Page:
Given the situation, recording Soft Machine’s 1977 Paris gigs was deemed the way forward to another album. Disaster ensued: equipment was held up at customs, safety officials limited attendance, an assistant recording engineer failed to turn up, and Etheridge and Cook’s instruments were stolen after the first night. And yet Alive and Well: Recorded in Paris comes off remarkably well: the new music is solid; the band interplay on “Huffin'” and “The Nodder” is stunningly on point, and even the Giorgio Moroder-style disco funk concoction “Soft Space” (complete with uncredited contributions from Ratledge) clicks. (Note that Esoteric Recordings’ 2010 reissue features an extra disc of live outtakes.)
And then — nothing. Well, nothing except 1981’s Land of Cockayne — in actuality, producer Mike Thorne’s invitation for Karl Jenkins to record with both rock and orchestral forces. Despite a stellar cast (including Softs alumni Marshall, Warleigh and Holdsworth, plus bass legend Jack Bruce) and echoes of past glories like “Panoramania” and “Sly Monkey,” Land of Cockayne is a completely different beast, the most mainstream music ever released under the Soft Machine name. Ultimately, it proved a marker toward the rest of Jenkins’ career, occasionally in collaboration with Mike Ratledge: advertising jingles (including the inescapable-for-a-time DeBeers Diamond music), then the 1990s classical crossover project Adiemus, then a full-blown career as an orchestral composer, culminating with a 2015 knighthood.
It had been a good run, but after one last week-long London residency in 1984, Soft Machine was no more. Still, the legacy of the band lived on in its recordings and in the work of its numerous alumni until …
But that’s an unlikely tale for another time.
— Rick Krueger
This summer saw the long-awaited second release from Melody’s Echo Chamber: Bon Voyage arrived after five stop-and-go and, at times, tortuous years. On its June 15 release date Melody Prochet (vocal, guitar, synthesizers, violin, viola) wrote on her Facebook band page,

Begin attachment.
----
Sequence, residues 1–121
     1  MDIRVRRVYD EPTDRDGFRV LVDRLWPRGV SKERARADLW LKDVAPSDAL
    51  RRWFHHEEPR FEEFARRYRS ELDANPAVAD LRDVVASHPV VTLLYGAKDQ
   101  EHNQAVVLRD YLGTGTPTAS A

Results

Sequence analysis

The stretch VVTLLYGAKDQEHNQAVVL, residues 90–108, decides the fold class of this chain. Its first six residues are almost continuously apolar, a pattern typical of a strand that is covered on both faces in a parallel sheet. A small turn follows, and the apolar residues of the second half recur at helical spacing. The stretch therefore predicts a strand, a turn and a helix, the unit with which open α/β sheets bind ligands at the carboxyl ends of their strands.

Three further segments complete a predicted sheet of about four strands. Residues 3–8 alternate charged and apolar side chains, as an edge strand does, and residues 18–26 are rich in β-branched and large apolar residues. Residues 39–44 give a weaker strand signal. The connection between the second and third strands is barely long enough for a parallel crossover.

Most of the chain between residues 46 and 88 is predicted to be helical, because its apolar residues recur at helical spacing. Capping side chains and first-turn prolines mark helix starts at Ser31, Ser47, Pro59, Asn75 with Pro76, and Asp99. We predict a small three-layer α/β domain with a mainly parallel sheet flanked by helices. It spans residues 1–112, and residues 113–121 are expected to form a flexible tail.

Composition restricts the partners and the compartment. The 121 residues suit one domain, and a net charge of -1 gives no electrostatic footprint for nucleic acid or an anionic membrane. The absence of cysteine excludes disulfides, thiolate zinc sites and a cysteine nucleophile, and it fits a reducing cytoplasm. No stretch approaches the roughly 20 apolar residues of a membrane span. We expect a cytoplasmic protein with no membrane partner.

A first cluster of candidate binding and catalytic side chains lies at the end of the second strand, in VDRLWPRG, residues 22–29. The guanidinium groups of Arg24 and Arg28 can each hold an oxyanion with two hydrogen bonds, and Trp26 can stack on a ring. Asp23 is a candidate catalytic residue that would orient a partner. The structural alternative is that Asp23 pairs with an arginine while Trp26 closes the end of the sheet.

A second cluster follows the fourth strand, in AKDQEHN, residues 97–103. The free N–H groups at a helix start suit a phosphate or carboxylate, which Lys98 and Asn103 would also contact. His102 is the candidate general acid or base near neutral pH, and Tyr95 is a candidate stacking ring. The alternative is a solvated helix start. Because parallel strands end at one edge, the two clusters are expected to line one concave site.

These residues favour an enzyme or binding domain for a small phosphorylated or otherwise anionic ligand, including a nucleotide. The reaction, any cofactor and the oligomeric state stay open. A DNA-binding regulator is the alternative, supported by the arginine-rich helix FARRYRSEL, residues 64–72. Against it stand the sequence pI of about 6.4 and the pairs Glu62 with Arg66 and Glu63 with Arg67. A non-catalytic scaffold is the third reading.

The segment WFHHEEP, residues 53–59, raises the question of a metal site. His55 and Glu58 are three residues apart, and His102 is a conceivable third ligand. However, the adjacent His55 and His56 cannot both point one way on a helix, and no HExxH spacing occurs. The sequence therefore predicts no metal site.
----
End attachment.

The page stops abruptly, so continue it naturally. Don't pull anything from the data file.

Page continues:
Today is a day life forced me to give up waiting for… ‘Bon Voyage’ is a little monster I hope will find it’s home in some of your hearts and…if not soothe, will resonate somehow positively…
So it comes down to listeners interacting with this beast, a theme-park ride of a record, while the artist, one imagines, pulls the covers over her head. First off, it is little, clocking in at a compendious 33 minutes. But given its twists and turns, its density and scope, the brevity of the work allows repeat listens to work out its strange but satisfying logic.
As I told a friend: I can’t imagine a Syd Barrett or Brian Wilson or Todd Rundgren or Wayne Coyne not really liking this record.
Prochet (b. 1987, Puyricard, France) began working on her sophomore project and releasing tracks (e.g. “Shirim”) in 2013. Rumor has it she threw away some of the material. Then last year she was involved in an undisclosed accident resulting in serious injuries. Her fans despaired until Bon Voyage was dropped in time for the summer solstice.
Melody’s Echo Chamber (2012) was readily classified as “psych pop.” But for those who tire of musical taxonomies Bon Voyage is as open borders as they come. The opening track “Cross My Heart” begins with composite acoustic guitar chords followed by a swelling string arrangement, a mid ’60s Wilsonish verse, then a beat box section folding into a flute and percussion-driven jazz passage embellished with some fanatical bass lines. The lyrics here, as throughout the album, flow freely between English and French. We’re escorted back to the opening chords for a reprise of the main (?) verse and a riff-laden, cinematic flourish.